• type2b are largest in size and generates the maximum amount of force. It cannot work for a longer amount of time and get fatigued very quickly. Used in all the high-intensity activities such as heavy lifting, powerlifting and sprinting.


Coming back to the pump and muscle growth,


The Pump is just a pleasant side effect of the exercise you do.

I’m sure that just getting the pump is not your primary goal at the gym. Pump effect doesn’t last long and gives you “transient hypertrophy” i.e temporary increase in the muscle size.

There is no point in intentionally training for the pump when your main goal is “Muscle Growth”.

Just chasing the pump ignoring other main workouts and principles could be the big mistake you will make. That won’t get you anywhere!

Even doing some reps of free squats will get you pumped, but is that enough for your muscle growth? NO!

If the goal is muscle growth, Pumping with those LIGHTER WEIGHTS – what usually people do, won’t do any wonders.

It may just contribute to sarcoplasmic growth developing your slow-twitch fibers. Slow-twitch fibers are very small and comprise just a portion of your muscle fibers.

While lifting HEAVYWEIGHTS can promote myofibrillar growth mainly targeting your fast-twitch muscles which are largest in size and the major constituent of your muscle fibers.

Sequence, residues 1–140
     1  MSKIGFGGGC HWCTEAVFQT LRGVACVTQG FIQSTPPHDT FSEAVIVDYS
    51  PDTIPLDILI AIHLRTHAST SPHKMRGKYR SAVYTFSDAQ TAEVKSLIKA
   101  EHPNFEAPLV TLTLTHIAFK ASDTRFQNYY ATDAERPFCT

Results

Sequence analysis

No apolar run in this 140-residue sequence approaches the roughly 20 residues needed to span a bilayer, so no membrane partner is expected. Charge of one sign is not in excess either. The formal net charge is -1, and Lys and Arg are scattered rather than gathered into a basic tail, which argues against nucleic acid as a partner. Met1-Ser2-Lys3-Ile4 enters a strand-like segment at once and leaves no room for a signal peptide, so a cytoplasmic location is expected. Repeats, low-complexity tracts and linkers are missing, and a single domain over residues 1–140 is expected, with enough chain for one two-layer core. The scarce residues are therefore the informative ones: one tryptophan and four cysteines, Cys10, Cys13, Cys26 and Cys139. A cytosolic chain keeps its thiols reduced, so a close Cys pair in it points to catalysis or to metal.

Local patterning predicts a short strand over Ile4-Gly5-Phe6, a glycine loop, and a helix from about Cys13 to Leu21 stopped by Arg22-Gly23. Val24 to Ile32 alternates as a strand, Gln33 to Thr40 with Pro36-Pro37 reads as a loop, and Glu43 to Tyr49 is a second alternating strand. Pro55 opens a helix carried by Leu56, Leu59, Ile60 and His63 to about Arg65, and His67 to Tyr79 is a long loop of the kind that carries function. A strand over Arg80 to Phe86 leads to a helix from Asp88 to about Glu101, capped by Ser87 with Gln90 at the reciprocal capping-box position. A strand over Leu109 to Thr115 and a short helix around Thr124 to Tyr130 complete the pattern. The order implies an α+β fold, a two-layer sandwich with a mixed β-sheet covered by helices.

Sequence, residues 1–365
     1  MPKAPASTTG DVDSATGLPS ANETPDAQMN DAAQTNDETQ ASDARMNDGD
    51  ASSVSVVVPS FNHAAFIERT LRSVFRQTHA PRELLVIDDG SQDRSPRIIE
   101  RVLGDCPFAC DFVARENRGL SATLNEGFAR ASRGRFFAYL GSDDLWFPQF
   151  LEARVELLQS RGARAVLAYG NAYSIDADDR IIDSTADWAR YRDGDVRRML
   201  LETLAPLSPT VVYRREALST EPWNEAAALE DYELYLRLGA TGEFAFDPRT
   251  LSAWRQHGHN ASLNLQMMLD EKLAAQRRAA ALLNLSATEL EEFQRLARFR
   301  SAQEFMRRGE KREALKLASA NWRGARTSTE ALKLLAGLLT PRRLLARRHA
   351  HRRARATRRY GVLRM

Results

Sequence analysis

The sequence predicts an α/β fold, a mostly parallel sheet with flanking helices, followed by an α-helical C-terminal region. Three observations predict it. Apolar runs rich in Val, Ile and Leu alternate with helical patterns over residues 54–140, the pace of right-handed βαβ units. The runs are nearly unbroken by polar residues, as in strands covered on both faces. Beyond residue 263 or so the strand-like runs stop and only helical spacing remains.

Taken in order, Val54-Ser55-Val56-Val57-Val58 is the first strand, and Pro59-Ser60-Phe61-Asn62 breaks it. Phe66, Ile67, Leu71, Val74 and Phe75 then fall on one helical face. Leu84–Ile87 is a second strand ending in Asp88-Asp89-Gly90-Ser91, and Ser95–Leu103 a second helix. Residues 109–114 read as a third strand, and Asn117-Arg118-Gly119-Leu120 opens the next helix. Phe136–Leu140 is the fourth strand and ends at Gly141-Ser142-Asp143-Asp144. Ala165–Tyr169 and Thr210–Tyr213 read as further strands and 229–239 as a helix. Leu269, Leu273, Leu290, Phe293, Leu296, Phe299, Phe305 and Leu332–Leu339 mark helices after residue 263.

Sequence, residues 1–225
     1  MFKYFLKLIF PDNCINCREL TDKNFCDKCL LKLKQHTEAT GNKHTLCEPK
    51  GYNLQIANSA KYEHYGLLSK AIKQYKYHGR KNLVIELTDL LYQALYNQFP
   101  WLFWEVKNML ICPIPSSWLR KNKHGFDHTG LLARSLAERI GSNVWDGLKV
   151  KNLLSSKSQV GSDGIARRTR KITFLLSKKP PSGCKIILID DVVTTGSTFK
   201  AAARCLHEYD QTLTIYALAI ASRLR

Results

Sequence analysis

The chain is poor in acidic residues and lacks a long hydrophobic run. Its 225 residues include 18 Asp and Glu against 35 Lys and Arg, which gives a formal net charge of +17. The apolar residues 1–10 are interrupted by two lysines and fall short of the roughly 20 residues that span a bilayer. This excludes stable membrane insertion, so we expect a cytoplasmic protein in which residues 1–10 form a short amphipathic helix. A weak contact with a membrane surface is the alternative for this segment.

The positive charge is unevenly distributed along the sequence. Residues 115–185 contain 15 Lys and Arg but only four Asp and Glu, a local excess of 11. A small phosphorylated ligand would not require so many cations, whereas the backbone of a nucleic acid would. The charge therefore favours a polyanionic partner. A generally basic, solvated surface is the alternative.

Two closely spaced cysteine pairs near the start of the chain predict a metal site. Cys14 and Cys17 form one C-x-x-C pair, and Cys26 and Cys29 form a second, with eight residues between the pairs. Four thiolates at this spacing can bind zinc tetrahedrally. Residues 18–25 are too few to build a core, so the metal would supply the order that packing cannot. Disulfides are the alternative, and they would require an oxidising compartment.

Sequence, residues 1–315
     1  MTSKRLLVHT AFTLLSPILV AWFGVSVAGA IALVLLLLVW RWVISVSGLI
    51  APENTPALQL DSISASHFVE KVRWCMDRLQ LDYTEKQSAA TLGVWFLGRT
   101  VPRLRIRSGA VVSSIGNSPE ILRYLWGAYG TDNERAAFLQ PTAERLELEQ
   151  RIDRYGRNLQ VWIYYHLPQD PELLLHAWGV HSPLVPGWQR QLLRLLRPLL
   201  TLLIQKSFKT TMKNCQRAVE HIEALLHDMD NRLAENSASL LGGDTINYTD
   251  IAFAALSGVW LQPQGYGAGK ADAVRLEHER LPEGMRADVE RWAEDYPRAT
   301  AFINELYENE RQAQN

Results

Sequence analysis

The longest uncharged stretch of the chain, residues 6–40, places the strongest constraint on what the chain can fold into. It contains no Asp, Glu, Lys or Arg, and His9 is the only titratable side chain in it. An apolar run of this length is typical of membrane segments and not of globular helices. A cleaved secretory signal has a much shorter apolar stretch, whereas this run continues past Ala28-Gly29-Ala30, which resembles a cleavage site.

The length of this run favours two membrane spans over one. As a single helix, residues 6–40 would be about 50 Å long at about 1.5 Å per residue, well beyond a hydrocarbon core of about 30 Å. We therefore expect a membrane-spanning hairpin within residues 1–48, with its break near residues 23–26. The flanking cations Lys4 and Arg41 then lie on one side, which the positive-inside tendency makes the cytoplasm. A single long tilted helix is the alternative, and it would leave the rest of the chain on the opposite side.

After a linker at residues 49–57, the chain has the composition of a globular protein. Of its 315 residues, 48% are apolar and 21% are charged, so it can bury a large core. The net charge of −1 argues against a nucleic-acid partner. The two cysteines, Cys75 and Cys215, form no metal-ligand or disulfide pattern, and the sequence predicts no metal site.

These are the factors/variables you should primarily focus upon for the Muscle Growth:

  • LOAD/Intensity –  Lifting heavy weights which would add-up load and stress on your muscles and force them to grow.
  • Tension i.e Time Under Tension (TUT) –  The time duration during which your muscles are under tension.
  • Progressive Overload – The gradual increase of load and stress on your muscles, achieved by increasing weights/volume every set.


My Personal Thoughts

Every training pattern has its own significance.

When it comes to overall muscular development, your focus should be recruiting all your muscle fibers by both the aspects (Heavy+Light). This way you’re recruiting both the fiber types targeting the complete muscle and getting the best of both.